When you’re working on a LeetCode problem, there is always a solution available, either the official solution or a solution from the discussion forums. So, as you’re working on your own solution, you always have the option of getting help. Your study strategy, therefore, needs to tell you how long to work on a problem before looking at a solution.

It’s easy to see why immediately looking at the solution is a bad idea. The only way to learn how to solve coding problems is by solving coding problems. Just reading about them doesn’t help. So we can rule out 0 minutes as the right amount of time to work on a problem.

Another approach is never looking at the solution until you have solved the problem on your own. If you can’t solve a problem, just move on to another one and return when you have more experience. This approach sounds reasonable. Every problem requires specific background knowledge, and until you have that background, you can’t make a proper attempt. So it’s better to save the problem for when you’re prepared for it.

The problem with this approach is the trial and error that it requires. Since you never look at the solution, you don’t know what skills you need to solve the problem, which means you don’t know when you’re ready to make another attempt. You could come back to the problem and find that you’re still missing a critical skill. If, rather than never looking at the solution, you plan to look at the solution only when you get stuck, you’re just moving the trial and error into the future. When you look at the solution, it will reveal what skills you need, but not which problems to use to practice them.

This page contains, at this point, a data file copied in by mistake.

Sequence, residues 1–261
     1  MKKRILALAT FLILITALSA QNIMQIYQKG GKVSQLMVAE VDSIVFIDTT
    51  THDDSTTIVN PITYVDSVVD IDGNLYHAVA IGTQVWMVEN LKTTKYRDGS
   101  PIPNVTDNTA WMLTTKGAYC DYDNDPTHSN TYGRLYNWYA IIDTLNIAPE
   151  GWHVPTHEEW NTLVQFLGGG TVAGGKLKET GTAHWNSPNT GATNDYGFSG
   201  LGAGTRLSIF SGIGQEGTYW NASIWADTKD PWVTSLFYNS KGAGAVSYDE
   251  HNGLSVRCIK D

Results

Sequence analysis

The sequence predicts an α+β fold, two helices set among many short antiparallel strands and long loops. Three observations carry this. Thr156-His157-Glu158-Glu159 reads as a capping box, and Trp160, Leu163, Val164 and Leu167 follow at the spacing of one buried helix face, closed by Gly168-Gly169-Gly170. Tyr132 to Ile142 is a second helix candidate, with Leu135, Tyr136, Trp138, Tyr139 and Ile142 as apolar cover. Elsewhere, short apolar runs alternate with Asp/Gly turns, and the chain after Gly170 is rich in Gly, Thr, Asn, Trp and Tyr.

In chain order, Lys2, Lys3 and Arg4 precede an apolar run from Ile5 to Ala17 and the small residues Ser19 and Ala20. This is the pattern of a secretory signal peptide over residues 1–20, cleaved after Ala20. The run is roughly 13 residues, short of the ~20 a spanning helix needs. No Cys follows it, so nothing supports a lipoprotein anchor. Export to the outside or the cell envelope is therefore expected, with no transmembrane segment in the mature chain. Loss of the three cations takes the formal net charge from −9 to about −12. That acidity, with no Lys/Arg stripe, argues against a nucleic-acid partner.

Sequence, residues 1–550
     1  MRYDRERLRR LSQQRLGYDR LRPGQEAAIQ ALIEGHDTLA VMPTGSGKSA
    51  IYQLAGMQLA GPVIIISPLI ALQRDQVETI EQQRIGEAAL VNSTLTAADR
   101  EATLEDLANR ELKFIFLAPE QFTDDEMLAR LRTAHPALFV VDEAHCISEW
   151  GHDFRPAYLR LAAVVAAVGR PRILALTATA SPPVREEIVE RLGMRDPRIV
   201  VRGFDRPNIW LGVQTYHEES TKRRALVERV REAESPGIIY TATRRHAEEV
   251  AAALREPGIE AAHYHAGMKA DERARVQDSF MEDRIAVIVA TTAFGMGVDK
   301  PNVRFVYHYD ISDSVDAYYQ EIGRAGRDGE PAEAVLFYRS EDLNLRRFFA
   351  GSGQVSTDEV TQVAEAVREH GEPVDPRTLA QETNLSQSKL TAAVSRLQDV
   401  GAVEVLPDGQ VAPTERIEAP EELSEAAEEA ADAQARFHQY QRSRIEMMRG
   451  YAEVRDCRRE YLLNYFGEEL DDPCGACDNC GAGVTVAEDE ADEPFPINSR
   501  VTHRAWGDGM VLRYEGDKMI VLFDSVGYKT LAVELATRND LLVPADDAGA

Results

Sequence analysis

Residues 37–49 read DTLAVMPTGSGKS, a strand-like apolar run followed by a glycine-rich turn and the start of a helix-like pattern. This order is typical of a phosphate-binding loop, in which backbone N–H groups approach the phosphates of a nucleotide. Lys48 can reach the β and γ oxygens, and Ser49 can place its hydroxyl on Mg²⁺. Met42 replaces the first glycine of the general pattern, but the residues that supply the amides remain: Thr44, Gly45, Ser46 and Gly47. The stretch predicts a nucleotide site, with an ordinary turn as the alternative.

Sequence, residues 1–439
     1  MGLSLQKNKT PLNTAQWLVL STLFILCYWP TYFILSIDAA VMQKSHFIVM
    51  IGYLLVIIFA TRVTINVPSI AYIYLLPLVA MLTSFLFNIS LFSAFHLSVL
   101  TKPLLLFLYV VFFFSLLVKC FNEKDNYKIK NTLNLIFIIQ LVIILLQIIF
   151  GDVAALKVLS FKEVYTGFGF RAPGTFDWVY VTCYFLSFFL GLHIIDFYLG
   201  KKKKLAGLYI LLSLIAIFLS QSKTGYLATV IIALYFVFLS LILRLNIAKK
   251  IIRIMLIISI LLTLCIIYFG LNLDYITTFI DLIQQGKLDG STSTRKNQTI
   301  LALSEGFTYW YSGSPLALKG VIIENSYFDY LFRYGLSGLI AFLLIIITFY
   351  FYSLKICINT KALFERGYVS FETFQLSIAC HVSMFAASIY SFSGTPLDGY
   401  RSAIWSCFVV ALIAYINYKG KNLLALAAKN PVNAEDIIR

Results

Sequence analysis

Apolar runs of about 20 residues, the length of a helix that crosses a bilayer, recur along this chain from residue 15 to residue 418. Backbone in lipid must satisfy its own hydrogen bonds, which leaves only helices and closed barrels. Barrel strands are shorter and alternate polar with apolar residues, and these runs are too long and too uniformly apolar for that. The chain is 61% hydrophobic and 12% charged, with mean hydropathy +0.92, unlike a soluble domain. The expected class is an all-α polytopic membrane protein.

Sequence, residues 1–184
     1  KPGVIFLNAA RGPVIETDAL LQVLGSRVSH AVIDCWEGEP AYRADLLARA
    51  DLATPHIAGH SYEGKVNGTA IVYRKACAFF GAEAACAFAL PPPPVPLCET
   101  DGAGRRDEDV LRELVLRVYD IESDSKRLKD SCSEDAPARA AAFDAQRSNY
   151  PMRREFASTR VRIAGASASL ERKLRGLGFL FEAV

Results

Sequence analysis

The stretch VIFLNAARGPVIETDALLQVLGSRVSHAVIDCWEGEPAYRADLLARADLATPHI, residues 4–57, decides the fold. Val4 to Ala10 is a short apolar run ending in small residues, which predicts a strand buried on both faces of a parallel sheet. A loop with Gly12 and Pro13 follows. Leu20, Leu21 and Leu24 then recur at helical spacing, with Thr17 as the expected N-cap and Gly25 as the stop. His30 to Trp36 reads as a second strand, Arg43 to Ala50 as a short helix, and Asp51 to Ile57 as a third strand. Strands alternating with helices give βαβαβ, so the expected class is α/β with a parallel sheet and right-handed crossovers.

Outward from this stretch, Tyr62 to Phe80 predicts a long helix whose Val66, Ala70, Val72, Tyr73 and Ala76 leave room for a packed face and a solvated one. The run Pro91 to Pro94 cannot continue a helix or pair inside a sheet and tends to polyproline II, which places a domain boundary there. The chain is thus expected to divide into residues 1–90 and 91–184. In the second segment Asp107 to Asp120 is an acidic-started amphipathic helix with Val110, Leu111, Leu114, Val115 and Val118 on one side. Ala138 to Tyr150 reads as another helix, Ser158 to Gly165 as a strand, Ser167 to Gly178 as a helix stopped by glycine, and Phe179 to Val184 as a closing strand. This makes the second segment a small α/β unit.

To get around these problems, you can use the techniques of problem lists and spaced repetition. Rather than approaching each problem as a test that tells you if you’re smart enough to solve it, look at it as a stepping stone to learn the next sub-skill on the way to mastering a topic.

Using this approach, you can minimize the time you spend on each problem. If you follow a problem list, you can solve problems in an efficient order, with each problem leading to the next one. If you get stuck on a problem after spending a reasonable amount of time (on the order of 1-2 hours at the most), read the solution to see what you’re missing. Then add the problem to your spaced repetition list and try it again in a day or two. Using this process, you can ensure that you’re always working on the right skills and solving problems at the right level.

*This year, I’m publishing a series of tips for effective LeetCode practice. To read the tips in order, start with A Project for 2023.*